492   value consists of credentials containing the authentication
493   information of the client for the proxy and/or realm of the resource
494   being requested.
495
496     Proxy-Authorization = credentials
497
498   Unlike Authorization, the Proxy-Authorization header field applies
499   only to the next inbound proxy that demanded authentication using the
500
501
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507
508   Proxy-Authenticate field.  When multiple proxies are used in a chain,
509   the Proxy-Authorization header field is consumed by the first inbound
510   proxy that was expecting to receive credentials.  A proxy MAY relay
511   the credentials from the client request to the next proxy if that is
512   the mechanism by which the proxies cooperatively authenticate a given
513   request.
514
5155.  IANA Considerations
516
5175.1.  Authentication Scheme Registry
518
519   The HTTP Authentication Scheme Registry defines the name space for
520   the authentication schemes in challenges and credentials.  It will be
521   created and maintained at (the suggested URI)
522   <http://www.iana.org/assignments/http-authschemes>.
523
5245.1.1.  Procedure
525
526   Registrations MUST include the following fields:
527
528   o  Authentication Scheme Name
529
530   o  Pointer to specification text
531
532   o  Notes (optional)
533
534   Values to be added to this name space require IETF Review (see
535   [RFC5226], Section 4.1).
536
5375.1.2.  Considerations for New Authentication Schemes
538
539   There are certain aspects of the HTTP Authentication Framework that
540   put constraints on how new authentication schemes can work:
541
542   o  HTTP authentication is presumed to be stateless: all of the
543      information necessary to authenticate a request MUST be provided
544      in the request, rather than be dependent on the server remembering
545      prior requests.  Authentication based on, or bound to, the
546      underlying connection is outside the scope of this specification
547      and inherently flawed unless steps are taken to ensure that the
548      connection cannot be used by any party other than the
549      authenticated user (see Section 2.3 of [Part1]).
550
551   o  The authentication parameter "realm" is reserved for defining
552      Protection Spaces as defined in Section 2.2.  New schemes MUST NOT
553      use it in a way incompatible with that definition.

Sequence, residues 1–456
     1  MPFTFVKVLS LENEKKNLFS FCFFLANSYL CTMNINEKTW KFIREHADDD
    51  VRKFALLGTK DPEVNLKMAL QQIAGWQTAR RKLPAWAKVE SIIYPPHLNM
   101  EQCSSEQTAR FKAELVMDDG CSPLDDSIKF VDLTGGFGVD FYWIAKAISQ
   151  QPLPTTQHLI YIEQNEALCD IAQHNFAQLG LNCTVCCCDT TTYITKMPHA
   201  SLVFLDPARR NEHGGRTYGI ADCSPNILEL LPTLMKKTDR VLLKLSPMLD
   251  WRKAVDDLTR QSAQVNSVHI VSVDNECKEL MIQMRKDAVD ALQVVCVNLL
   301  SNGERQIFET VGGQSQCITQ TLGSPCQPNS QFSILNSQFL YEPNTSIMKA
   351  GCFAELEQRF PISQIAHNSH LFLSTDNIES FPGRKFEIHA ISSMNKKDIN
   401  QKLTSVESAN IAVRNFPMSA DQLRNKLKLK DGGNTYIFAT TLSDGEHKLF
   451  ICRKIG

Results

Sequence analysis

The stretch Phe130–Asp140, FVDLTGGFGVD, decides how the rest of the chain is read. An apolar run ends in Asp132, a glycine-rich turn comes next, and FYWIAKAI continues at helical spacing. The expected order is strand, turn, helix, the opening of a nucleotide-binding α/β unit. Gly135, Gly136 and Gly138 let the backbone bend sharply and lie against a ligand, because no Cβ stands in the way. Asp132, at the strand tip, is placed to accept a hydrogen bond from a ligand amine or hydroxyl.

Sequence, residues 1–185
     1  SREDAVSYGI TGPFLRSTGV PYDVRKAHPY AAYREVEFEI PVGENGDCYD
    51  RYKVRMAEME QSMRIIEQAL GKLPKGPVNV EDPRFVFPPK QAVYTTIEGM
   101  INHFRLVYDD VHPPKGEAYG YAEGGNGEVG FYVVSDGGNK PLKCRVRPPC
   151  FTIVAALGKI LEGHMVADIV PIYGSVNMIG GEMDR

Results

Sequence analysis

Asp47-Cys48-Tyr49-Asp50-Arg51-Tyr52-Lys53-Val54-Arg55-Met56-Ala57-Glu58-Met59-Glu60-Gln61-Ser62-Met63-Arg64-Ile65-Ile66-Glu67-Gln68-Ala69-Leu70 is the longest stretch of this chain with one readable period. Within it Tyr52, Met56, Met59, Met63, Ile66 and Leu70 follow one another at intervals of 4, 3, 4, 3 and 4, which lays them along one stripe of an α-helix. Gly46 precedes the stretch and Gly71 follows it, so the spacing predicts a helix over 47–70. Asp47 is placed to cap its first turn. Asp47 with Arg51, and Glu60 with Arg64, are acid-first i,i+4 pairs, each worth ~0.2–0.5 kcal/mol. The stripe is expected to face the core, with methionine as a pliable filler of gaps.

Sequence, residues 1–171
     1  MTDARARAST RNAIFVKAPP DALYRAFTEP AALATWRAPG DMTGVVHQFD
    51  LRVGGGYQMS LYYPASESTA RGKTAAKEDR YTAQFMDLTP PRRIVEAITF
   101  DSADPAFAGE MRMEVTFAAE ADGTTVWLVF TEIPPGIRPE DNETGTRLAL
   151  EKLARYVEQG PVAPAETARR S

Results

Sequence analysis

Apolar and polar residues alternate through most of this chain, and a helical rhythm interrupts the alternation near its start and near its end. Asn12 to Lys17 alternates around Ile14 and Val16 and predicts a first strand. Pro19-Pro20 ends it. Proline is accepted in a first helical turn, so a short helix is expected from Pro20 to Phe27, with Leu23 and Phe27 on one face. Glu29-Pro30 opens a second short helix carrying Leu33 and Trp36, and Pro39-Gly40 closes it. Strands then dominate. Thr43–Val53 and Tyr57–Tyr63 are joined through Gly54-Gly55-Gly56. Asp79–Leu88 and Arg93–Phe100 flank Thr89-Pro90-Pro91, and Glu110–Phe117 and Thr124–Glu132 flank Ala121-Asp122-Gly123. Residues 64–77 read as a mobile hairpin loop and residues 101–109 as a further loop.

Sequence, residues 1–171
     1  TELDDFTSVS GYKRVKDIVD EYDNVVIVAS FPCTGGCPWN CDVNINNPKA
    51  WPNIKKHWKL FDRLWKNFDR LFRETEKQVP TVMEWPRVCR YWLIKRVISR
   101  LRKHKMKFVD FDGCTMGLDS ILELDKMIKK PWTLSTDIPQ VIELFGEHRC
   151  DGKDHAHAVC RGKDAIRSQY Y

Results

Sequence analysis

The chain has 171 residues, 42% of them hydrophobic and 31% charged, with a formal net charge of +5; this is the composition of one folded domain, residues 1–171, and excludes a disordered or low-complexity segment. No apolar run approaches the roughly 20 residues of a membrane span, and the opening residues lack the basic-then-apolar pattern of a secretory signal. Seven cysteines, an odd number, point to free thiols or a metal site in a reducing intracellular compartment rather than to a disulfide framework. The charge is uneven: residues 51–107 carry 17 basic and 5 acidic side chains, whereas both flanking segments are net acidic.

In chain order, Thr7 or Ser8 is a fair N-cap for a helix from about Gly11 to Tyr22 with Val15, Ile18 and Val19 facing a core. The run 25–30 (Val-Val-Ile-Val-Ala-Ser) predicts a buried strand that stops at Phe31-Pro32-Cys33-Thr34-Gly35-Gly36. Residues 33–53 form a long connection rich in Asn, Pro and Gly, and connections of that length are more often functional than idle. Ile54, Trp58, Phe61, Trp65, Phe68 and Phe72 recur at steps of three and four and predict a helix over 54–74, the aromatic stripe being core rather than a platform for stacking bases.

554
555
556
557
558
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561Internet-Draft           HTTP/1.1 Authentication           February 2014
562
563
564   o  The "token68" notation was introduced for compatibility with
565      existing authentication schemes and can only be used once per
566      challenge or credential.  New schemes thus ought to use the "auth-
567      param" syntax instead, because otherwise future extensions will be
568      impossible.
569
570   o  The parsing of challenges and credentials is defined by this
571      specification, and cannot be modified by new authentication
572      schemes.  When the auth-param syntax is used, all parameters ought
573      to support both token and quoted-string syntax, and syntactical
574      constraints ought to be defined on the field value after parsing
575      (i.e., quoted-string processing).  This is necessary so that
576      recipients can use a generic parser that applies to all
577      authentication schemes.
578
579      Note: The fact that the value syntax for the "realm" parameter is
580      restricted to quoted-string was a bad design choice not to be
581      repeated for new parameters.
582
583   o  Definitions of new schemes ought to define the treatment of
584      unknown extension parameters.  In general, a "must-ignore" rule is
585      preferable over "must-understand", because otherwise it will be
586      hard to introduce new parameters in the presence of legacy
587      recipients.  Furthermore, it's good to describe the policy for
588      defining new parameters (such as "update the specification", or
589      "use this registry").
590
591   o  Authentication schemes need to document whether they are usable in
592      origin-server authentication (i.e., using WWW-Authenticate),
593      and/or proxy authentication (i.e., using Proxy-Authenticate).
594
595   o  The credentials carried in an Authorization header field are
596      specific to the User Agent, and therefore have the same effect on
597      HTTP caches as the "private" Cache-Control response directive
598      (Section 5.2.2.6 of [Part6]), within the scope of the request they
599      appear in.
600
601      Therefore, new authentication schemes that choose not to carry
602      credentials in the Authorization header field (e.g., using a newly
603      defined header field) will need to explicitly disallow caching, by
604      mandating the use of either Cache-Control request directives
605      (e.g., "no-store", Section 5.2.1.5 of [Part6]) or response
606      directives (e.g., "private").
607
608
609
610
611
612
613
614
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618
619
6205.2.  Status Code Registration
621
622   The HTTP Status Code Registry located at
623   <http://www.iana.org/assignments/http-status-codes> shall be updated